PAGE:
Why it's critical to lead with vision and goals in the dental practice

October 28, 2015

When dentists ask me what it takes to be a good practice leader, I give them a simple answer: Vision. Only when you have a clear, specific idea of where you want to take your practice can you effectively plan your growth, make the best decisions and inspire staff.

When dentists ask me what it takes to be a good practice leader, I give them a simple answer: Vision. Only when you have a clear, specific idea of where you want to take your practice can you effectively plan your growth, make the best decisions and inspire staff.

Your vision gives you a sense of purpose and a benchmark against which everything you and your team do can be measured.

You may be thinking right now that you have a vision, but if you haven’t written it down or shared it with your team, it won’t do you much good. Based on Levin Group’s experience with thousands of highly successful practice leaders, I strongly recommend you take the following steps.

Continue to the next page to see Dr. Levin's recommendations.

 

 

Create a written vision statement

Spend some time thinking about your personal and professional future, imagining what would provide the greatest sense of achievement and satisfaction. Where would your practice need to go, what exactly would it be like, for you to fulfill your dream? Now, translate that long-range picture into one that fits a three-to-five-year timeframe. Write it down in no more than a few short paragraphs, and run it by your spouse, trusted friends and colleagues to tighten it up. That’s it. Of course, you’ll go through this same process again in three-to-five years (or sooner if you’ve progressed quickly or circumstances have changed).

 

 

 

 

 

Create a set of goals that will take you toward your vision

 To motivate yourself and your team and drive daily performance, you need a set of specific goals. To be effective, they must be:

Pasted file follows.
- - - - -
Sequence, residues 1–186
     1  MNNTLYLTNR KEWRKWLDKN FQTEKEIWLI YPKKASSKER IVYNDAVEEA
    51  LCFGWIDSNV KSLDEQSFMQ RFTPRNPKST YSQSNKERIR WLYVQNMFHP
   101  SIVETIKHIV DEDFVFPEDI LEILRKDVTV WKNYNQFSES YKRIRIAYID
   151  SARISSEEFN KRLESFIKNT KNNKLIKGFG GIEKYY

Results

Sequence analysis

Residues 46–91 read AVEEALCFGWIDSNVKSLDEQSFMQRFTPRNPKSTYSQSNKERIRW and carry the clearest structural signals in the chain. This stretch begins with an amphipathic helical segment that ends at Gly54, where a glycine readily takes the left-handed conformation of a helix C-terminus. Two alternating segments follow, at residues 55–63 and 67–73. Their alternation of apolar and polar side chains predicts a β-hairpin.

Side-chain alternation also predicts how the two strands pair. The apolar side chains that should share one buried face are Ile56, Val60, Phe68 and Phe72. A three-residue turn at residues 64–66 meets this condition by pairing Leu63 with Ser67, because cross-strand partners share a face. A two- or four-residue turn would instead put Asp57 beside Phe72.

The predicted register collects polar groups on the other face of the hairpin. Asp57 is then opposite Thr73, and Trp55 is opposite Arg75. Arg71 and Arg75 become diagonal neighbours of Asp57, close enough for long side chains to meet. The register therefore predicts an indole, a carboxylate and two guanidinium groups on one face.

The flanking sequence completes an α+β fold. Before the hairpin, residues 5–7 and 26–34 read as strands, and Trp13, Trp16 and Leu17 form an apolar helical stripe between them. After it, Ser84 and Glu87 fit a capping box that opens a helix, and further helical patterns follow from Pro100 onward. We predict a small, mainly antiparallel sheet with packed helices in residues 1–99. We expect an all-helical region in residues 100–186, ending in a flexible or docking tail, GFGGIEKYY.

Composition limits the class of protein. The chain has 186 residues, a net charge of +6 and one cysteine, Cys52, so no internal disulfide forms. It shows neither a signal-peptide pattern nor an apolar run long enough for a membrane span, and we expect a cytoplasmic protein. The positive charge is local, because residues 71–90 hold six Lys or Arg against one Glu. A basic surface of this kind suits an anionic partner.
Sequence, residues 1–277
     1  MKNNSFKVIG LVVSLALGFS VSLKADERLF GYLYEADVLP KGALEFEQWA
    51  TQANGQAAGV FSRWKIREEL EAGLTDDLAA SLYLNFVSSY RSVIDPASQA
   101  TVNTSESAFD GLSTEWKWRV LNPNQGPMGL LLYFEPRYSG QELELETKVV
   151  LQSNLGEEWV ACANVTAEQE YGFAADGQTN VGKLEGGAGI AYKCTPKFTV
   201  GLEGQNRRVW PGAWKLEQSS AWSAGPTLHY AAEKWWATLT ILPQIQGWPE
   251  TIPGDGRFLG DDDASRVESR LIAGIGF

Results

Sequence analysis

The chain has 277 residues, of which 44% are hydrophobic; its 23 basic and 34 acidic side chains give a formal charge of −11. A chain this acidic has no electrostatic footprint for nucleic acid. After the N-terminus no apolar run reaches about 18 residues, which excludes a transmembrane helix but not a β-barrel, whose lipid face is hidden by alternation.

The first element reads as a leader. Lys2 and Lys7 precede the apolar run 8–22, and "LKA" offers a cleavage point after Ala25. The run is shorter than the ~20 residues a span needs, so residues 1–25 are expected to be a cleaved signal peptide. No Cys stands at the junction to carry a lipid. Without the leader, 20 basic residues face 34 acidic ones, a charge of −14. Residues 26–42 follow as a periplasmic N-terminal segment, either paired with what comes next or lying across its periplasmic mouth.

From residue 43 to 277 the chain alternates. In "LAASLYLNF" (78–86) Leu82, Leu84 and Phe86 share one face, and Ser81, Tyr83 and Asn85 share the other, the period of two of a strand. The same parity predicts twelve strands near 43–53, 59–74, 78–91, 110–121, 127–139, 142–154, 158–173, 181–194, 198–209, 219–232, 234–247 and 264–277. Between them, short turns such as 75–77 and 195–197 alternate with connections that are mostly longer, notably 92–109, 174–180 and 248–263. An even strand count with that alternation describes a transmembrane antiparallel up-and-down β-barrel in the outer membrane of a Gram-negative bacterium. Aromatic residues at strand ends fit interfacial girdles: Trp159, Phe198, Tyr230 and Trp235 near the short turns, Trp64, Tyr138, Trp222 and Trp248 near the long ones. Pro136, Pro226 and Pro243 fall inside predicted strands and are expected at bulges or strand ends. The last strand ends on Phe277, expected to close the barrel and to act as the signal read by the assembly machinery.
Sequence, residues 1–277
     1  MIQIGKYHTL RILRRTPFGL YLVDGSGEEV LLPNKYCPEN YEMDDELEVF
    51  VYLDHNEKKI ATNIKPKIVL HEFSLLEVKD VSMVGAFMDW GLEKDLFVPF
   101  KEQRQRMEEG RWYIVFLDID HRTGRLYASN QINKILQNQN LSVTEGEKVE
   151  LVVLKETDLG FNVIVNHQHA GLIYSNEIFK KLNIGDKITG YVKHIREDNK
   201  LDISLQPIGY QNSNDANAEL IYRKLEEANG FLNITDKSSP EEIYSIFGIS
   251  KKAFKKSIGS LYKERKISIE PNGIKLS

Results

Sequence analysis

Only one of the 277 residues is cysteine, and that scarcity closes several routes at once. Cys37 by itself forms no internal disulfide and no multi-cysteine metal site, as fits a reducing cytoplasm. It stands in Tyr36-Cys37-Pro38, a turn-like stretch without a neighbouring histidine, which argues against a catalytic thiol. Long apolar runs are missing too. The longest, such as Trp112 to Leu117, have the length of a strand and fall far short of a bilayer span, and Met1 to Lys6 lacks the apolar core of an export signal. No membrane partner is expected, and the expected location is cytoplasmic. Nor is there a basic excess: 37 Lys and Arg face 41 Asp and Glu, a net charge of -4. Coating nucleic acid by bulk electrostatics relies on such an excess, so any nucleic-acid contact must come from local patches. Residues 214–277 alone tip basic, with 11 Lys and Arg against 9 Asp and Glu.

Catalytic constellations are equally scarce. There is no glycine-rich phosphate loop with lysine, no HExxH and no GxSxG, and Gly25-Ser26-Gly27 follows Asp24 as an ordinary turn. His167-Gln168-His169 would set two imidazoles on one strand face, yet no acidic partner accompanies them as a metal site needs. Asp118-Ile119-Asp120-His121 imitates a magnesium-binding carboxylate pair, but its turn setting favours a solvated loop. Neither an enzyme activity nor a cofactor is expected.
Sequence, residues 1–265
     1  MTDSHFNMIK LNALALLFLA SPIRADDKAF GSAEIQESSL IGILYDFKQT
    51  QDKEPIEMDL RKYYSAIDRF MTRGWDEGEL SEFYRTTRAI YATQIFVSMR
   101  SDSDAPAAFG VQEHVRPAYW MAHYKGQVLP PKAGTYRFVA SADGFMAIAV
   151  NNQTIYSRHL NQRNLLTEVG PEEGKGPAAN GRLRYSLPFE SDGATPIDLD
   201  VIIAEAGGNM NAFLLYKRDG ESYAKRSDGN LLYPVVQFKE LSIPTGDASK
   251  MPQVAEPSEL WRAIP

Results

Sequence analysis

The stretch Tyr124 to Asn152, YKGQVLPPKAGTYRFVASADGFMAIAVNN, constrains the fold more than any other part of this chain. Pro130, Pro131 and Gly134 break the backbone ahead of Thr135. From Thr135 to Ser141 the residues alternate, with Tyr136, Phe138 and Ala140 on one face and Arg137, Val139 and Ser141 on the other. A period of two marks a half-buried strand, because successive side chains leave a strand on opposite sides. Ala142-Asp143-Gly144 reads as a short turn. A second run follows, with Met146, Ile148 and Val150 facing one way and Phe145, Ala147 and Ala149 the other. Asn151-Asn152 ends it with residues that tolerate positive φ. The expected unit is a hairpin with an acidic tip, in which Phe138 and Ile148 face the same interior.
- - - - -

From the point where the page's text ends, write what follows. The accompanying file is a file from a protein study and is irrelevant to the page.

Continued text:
• Written down: Like your vision, defining your goals in black and white is essential.

  • Measurable: Vagueness will undermine the whole process. Rather than just saying you want to “grow production,” specify that you want to “increase production to $1.5 million.”

  • Deadline driven: For greater focus and motivation, nothing beats a deadline. “Increase the collection rate to 99 percent” may be a worthwhile goal, but it takes on new power when you add “… by the end of this year.”

 

 

 

 

 

Share the vision and goals with your practice team

Introduce and discuss them at a special staff meeting, and remind staff members regularly of what you’re all striving to achieve. As you monitor progress over time, celebrate outstanding performance and troubleshoot problem areas as a group. This will improve team coherence and esprit de corps while fine-tuning operations and increasing overall efficiency.

 

 

 

     

Conclusion

Whether you envision your practice as highly profitable, a great place to work, renowned as the finest in the community or all of the above, articulate your vision, attach measurable goals with deadlines and engage the whole team in pursuing them. That’s what it means to be a good practice leader.

Learn how to implement the systems needed for your practice to reach your vision. You can save$100 on a two-day seminar or $50 on a one-day seminar by Dr. Levin when you register 30 days in advance. See the 2016 seminar schedule and get your savings here. Use code EARLYBIRD16.